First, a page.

When the two wings of the German Social Democratic movement fused at the Gotha Congress in 1875, forming the Socialist Workers’ Party of Germany, Karl Marx (1818–1883) strongly opposed the new program. In the “marginal notes” [Randglossen] to the Gotha program, reproduced below, he explained his objections, criticizing the influence the late Ferdinand Lassalle (1825–1864) and his followers had exerted on the new party. Marx’s critique was written in April and May 1875, before the Gotha congress was actually held (May 22–27, 1875). Marx asked that his opinions be distributed among a number of sympathetic socialist leaders, but some of these were unable to participate in the congress because they were in prison. The final program contained many points that Marx considered inopportune (or worse). Even Marx’s followers did not consider it helpful to publish his devastating critique until 1891.

Karl Marx’s Critique of the Gotha Program (April/May 1875)

  • Karl Marx




I come now to the democratic section.

A. “The free basis of the state.”

First of all, according to [section] II [of the Gotha Program], the German Workers’ party strives for “the free state.” Free state—what is this?

It is by no means the aim of the workers, who have got rid of the narrow mentality of humble subjects, to set the state free. In the German Empire, the “state” is almost as “free” as in Russia. Freedom consists in converting the state from an organ superimposed upon society into one completely subordinate to it; and today, too, the forms of state are more free or less free to the extent that they restrict the “freedom of the state.”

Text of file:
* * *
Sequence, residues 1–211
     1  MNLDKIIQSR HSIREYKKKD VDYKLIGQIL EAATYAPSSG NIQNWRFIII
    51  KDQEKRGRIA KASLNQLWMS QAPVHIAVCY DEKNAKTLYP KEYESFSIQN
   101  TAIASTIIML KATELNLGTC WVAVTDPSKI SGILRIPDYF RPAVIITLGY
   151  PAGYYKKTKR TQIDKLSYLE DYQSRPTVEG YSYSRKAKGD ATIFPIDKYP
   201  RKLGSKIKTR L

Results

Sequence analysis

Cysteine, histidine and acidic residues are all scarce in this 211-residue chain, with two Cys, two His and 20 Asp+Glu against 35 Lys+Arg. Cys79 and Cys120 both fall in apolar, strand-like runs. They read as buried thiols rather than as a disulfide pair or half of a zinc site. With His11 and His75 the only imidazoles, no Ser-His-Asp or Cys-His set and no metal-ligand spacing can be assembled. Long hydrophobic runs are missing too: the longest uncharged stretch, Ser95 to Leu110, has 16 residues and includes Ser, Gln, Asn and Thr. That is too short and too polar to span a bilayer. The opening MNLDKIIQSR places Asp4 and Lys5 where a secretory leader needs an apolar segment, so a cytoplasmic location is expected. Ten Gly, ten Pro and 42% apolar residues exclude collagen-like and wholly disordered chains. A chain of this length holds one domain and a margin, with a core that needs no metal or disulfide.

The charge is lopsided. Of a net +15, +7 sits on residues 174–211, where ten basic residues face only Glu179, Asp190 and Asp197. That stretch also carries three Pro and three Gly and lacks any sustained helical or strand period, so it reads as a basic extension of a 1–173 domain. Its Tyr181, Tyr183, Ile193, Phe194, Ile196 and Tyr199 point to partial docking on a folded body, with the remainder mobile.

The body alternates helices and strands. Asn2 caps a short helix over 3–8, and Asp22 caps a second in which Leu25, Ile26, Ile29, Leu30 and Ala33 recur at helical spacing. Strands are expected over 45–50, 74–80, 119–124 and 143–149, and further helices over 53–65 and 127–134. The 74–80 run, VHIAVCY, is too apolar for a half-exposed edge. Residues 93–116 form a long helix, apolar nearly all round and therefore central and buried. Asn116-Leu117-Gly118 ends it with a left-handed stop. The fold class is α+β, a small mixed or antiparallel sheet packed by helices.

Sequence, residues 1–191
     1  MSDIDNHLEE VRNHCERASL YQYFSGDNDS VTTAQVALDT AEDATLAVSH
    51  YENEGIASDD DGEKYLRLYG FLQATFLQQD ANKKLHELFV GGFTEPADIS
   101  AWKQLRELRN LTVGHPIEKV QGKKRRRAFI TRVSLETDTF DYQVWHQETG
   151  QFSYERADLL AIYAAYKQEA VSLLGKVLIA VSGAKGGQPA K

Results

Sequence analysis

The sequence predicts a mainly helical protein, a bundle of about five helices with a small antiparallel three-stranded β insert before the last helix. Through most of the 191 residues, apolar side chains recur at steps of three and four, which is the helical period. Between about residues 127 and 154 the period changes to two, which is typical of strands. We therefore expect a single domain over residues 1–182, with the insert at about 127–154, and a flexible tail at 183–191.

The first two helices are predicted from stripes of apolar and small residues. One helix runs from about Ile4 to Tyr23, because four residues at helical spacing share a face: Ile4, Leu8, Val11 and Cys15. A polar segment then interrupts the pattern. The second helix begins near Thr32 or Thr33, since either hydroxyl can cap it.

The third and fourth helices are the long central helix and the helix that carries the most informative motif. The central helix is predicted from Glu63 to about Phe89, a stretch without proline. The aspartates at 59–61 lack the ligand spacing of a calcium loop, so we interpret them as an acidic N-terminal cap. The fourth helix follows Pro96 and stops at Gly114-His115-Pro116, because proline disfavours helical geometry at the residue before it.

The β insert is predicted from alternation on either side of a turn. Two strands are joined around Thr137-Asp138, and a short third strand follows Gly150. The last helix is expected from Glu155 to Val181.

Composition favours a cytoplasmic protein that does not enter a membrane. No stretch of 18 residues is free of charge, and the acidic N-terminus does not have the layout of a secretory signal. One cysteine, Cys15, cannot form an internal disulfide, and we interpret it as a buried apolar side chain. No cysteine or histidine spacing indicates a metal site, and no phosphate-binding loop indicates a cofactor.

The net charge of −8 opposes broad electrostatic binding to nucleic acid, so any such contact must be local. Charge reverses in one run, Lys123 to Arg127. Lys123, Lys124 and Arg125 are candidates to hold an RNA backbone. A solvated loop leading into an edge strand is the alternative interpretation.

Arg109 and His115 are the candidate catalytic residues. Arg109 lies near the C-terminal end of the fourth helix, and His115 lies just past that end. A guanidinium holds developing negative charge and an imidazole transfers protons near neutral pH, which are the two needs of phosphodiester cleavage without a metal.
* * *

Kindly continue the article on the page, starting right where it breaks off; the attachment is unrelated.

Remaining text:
The German Workers’ party—at least if it adopts the program—shows that its socialist ideas are not even skin-deep; in that, instead of treating existing society (and this holds good for any future one) as the basis of the existing state (or of the future state in the case of future society), it treats the state rather as an independent entity that possesses its own intellectual, ethical, and libertarian bases.

And what of the riotous misuse which the program makes of the words “present-day state,” “present-day society,” and of the still more riotous misconception it creates in regard to the state to which it addresses its demands?

“Present-day society” is capitalist society, which exists in all civilized countries, more or less free from medieval admixture, more or less modified by the particular historical development of each country, more or less developed. On the other hand, the “present-day state” changes with a country’s frontier. It is different in the Prusso-German Empire from what it is in Switzerland, and different in England from what it is in the United States. The “present-day state” is therefore a fiction.

Nevertheless, the different states of the different civilized countries, in spite of their motley diversity of form, all have this in common: that they are based on modern bourgeois society, only one more or less capitalistically developed. They have, therefore, also certain essential characteristics in common. In this sense, it is possible to speak of the “present-day state” in contrast with the future, in which its present root, bourgeois society, will have died off.

The question then arises: What transformation will the state undergo in communist society? In other words, what social functions will remain in existence there that are analogous to present state functions? This question can only be answered scientifically, and one does not get a flea-hop nearer to the problem by a thousand-fold combination of the word “people” with the word “state.”